BOSTON (CBS) — Really, everyone here should be over the whole Ray Allen thing by now. He’s 37, he wanted out of Boston, and so he left. The Celtics used that departure to improve with new additions. Thanks for the memories — and they were great memories — and we’ll see you around.
But there was just something about Ray Allen on Tuesday night that didn’t sit quite right, and it ought to ensure that this drama won’t go away any time soon.
Of course, the moment that’s garnered the most attention was Ray’s attempt just prior to checking into the game to give a greeting to former teammate Kevin Garnett. While KG’s stone-faced refusal to acknowledge the tap on the shoulder has and will continue to be talked about, the real question is what in the world was Ray even doing on the Celtics bench?
Surely, in his 18 years in the NBA, he’s never seen an opponent make his way onto the other team’s bench before entering a game — not a real game, at least. Perhaps in an exhibition game, or in a Hall of Famer’s final night in his old city, or anything other than this situation, it might not be so strange. Yet there was Ray, in the first quarter of the first game of the season, personally greeting and hugging each and every member of the Celtics coaching staff before extending his olive branch to Garnett. If there had been a baby planted on the Boston bench, Ray Allen no doubt would have kissed its head for a photo op.
In a time where we can’t go 15 seconds without seeing or hearing a campaign advertisement, the whole thing just reeked of politicking.
After everything — the feuding with Rajon Rondo, feeling offended that Danny Ainge prioritized Garnett over him, leaving the only team for which he won a title for its bitter conference rival, taking some public verbal shots at the organization on the way out — he still thinks that a smile and some hugs will make him come across as the good guy. It’s reminiscent of Cal Naughton Jr. inviting Ricky Bobby to his wedding after Cal stole Ricky’s wife. If KG’s death stare could talk, it would say, “Do you realize the implications of your actions right now?”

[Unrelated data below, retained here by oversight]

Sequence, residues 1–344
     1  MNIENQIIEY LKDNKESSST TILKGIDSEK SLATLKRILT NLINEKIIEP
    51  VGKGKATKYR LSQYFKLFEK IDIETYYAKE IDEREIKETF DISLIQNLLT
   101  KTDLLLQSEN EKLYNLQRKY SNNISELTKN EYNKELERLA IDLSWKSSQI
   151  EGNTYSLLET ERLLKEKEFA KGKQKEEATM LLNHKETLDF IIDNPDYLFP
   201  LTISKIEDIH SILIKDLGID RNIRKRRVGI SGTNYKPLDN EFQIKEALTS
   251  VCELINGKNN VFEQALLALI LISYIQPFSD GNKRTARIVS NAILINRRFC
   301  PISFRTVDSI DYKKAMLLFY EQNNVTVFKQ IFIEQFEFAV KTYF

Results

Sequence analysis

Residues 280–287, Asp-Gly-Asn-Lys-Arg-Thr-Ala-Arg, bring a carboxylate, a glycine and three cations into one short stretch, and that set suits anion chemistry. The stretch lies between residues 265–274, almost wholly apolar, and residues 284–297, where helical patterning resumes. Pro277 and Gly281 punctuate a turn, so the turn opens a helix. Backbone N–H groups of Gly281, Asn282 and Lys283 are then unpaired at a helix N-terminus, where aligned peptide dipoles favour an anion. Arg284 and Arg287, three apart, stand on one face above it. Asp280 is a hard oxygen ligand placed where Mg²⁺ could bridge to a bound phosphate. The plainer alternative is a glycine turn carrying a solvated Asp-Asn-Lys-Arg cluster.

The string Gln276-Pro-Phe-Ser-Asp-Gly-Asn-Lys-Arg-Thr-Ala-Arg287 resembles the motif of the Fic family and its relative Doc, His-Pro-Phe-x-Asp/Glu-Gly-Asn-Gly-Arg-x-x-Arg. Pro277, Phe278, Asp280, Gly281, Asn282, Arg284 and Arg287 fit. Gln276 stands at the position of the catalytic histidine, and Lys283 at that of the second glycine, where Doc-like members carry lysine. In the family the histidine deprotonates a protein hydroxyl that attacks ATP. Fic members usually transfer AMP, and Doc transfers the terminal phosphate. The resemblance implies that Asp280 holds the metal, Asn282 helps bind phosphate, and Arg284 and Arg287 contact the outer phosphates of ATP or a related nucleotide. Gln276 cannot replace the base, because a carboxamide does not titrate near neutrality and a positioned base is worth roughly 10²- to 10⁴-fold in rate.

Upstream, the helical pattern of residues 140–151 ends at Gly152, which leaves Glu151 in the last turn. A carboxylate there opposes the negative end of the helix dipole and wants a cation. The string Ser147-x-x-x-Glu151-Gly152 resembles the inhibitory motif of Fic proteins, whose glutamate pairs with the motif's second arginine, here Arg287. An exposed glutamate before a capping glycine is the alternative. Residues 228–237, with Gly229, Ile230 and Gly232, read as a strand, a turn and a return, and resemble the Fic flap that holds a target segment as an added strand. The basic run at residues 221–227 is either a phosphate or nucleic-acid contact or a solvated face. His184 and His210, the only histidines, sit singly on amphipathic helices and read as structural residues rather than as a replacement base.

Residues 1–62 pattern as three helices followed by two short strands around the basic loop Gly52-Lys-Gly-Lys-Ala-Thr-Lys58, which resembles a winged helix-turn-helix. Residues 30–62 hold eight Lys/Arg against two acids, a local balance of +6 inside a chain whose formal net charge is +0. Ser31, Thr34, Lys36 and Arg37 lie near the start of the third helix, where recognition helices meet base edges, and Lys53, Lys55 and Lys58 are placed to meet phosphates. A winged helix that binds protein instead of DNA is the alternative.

And look, don’t get me wrong: Just because Ray isn’t the good guy doesn’t mean he’s automatically the bad guy. He wanted to leave a team, and he had every right to do just that, so it’s wildly unfair to paint him as some sort of treacherous traitor. It’s basketball, and Allen owed nothing to anybody. If he wanted to join Miami solely for something as silly as wanting to golf through the winter, then he’s earned that right. Still, Ray can’t do what he did from June through October and expect everything to be sunshine and rainbows when he invades an opposing bench on opening night.
Really — a player walking onto another team’s bench and tapping an opponent on the shoulder? That never happens, and it’s hard to say Garnett should have done anything other than he did. (OK, he probably could have done something more mature, but his decision made for much better theater.) After that frosty exchange, Allen was his typical Hall of Fame self, scoring 19 points on 5-of-7 shooting from the field and 2-of-3 from beyond the arc. And in that sense, in playing an important role in his new team’s victory over his old team, Ray earned the last laugh.
But he didn’t leave the court without once again walking toward the Celtics’ bench. None of the players stuck around to talk with him, but head coach Doc Rivers was there for one more hug. Ray looked longingly at his former teammates, but they were already long gone, so he headed off on his own.
Ray then was interviewed live on TNT and said simply “That’s just KG” and “I love those guys.” Just more campaigning from the NBA player who seems swept up in the spirit of election season.
It’s not surprising. This is the same Ray Allen who said this week that he is “happy for [the Heat] that they won” the title last year … even though that win came at his own expense. He clearly wants to have his cake and eat it too, or in non-cliches that actually make sense, he wants everyone to love him, no matter what he’s done to make them feel otherwise. He wanted to leave the Celtics, but he wants things to still be hunky-dory when he sees his old team.
It just can’t work that way. We’ll see Ray again in late January. Perhaps by then he’ll understand.